This is exactly what Golda Meir told then-Congressman Joe Biden, forty days before the Yom Kippur war broke out. Here is how Biden remembers that conversation:

She said, ‘Senator, you look so worried,’” he recalled, speaking at an Israeli Embassy Independence Day celebration in 2015. “I said, ‘Well, my God, Madam Prime Minister,’ and I turned to look at her. I said, ‘The picture you paint.’ She said, ‘Oh, don’t worry. We have’ — I thought she only said this to me. She said, ‘We have a secret weapon in our conflict with the Arabs: You see, we have no place else to go.’”

There is a profound tragedy here for the Palestinian cause. Even as it gains overseas support at levels unseen since the 1970s, those supporters, largely ignorant of the strategic discourse within the Palestinian national movement, have spent the past 11 days lining up squarely behind the very party that has driven the Palestinian cause into a brick wall.

I don’t share Haviv Rettig Gur’s sympathy for the “Palestinian cause.” I don’t see a “profound tragedy” if the Palestinians never get a state of their own, carved out of the ancestral Jewish homeland that the Palestine Mandate had assigned to the future Jewish state. Why should we drop a ready tear over the failure to create a 23rd Arab state? Let the Palestinians have Jordan, where they already constitute nearly two-thirds of the population. Gur also says: “Each side in this conflict believes the other is engaged in an eliminationist war.”

Yes, but only one side is correct. The Palestinians, whether the Fast Jihadists of Hamas or the Slow Jihadists of the PA, want an end to the Jewish state. They differ on timing and on tactics, but not on the ultimate goal. Israel, on the other hand, is not out to “eliminate” the Palestinians. It has repeatedly made offers to recognize an independent Palestinian state, has proposed giving that state between 70% (the Trump plan) and 94% (the Olmert offer) of the West Bank, but has been consistently turned down. Instead of “engaging in an eliminationist war,” the Israelis have recently been persuading Qatar to give tens of millions of dollars to the Palestinians in Gaza. Israel is not trying to “eliminate” the Palestinians; it keeps those in Gaza supplied with electricity and three billion gallons of water a year. It recently completed a fourth pipeline that should allow that supply of water to be increased. When Palestinians in Gaza need special care, they are treated in Israeli hospitals. Even Palestinian leaders, including Hamas’ Ismail Haniyeh and the PA’s Mahmoud Abbas, have sent their family members to be treated in Israeli hospitals. When a Jewish man in Lod recently was killed by Arabs, Israeli doctors transplanted one of his kidneys to a Palestinian woman, saving her life. Is all that part of the “eliminationist war” Israel is supposedly conducting?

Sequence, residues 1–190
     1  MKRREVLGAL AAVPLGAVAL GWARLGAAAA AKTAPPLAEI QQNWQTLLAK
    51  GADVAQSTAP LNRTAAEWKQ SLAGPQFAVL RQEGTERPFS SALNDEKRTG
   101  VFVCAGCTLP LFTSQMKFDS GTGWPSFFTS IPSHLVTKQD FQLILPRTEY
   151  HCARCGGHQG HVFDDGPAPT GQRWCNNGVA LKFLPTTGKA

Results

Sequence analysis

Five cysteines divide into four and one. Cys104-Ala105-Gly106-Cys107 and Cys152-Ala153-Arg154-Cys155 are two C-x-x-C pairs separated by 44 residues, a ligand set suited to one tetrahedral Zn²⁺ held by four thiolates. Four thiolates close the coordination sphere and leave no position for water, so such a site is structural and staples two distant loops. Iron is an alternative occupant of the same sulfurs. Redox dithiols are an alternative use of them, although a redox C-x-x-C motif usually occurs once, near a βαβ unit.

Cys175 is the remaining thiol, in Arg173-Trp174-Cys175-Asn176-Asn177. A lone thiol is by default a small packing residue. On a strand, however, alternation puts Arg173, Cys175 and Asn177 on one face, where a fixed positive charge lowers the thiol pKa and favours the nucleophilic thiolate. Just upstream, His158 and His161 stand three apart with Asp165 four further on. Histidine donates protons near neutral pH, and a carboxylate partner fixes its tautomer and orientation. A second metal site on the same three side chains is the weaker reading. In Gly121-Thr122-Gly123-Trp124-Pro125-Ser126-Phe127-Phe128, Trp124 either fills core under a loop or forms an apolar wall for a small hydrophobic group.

…Hamas celebrated on Friday its ability to send Israelis scurrying to bomb shelters. A colonialist tyrant, after all, survives by projecting an aura of strength. Hamas believes its job is to puncture holes, ceaselessly and mercilessly, in that self-assurance.

Hamas may want the world to interpret those Israelis rushing to bomb shelters as a sign of weakness. In truth, it is a tribute to Israeli foresight, that it has for years been building a national network of bomb shelters. Millions of Israelis now have a designated room in their houses or apartments that has been reinforced to withstand the impact of a rocket. As a consequence, those “scurrying Israelis” manage to survive – only 12 died in the recent conflict. Meanwhile, Hamas has not provided any such shelters against Israeli bombardments; in fact, it has done the opposite, which is to place rockets and other weapons in the midst of civilian structures, including apartment buildings, schools, hospitals, and mosques, in order to deliberately holding their own civilians hostages, putting them in danger in the hope that will prevent Israeli attacks.

The more violence that is promised or delivered by Hamas, the more resolute the Israelis become. They know what both Golda Meir and General Giap realized was Israel’s secret weapon — that the Israelis “have nowhere else to go.” Israeli Jews know they are not “colonial-settlers” sent out from a mother country to colonize lands far away; they are Jews living in what has been the Jewish homeland for more than 3000 years. This is not something Hamas will ever understand. And now that the fourth Gaza war has ended with an overwhelming victory for Israel, while a self-deluded Hamas crows that it has won, what Israelis call the “war between the wars” begins anew. Contrary to what the peace-processors in Washington may fondly hope or believe, there is no end to this.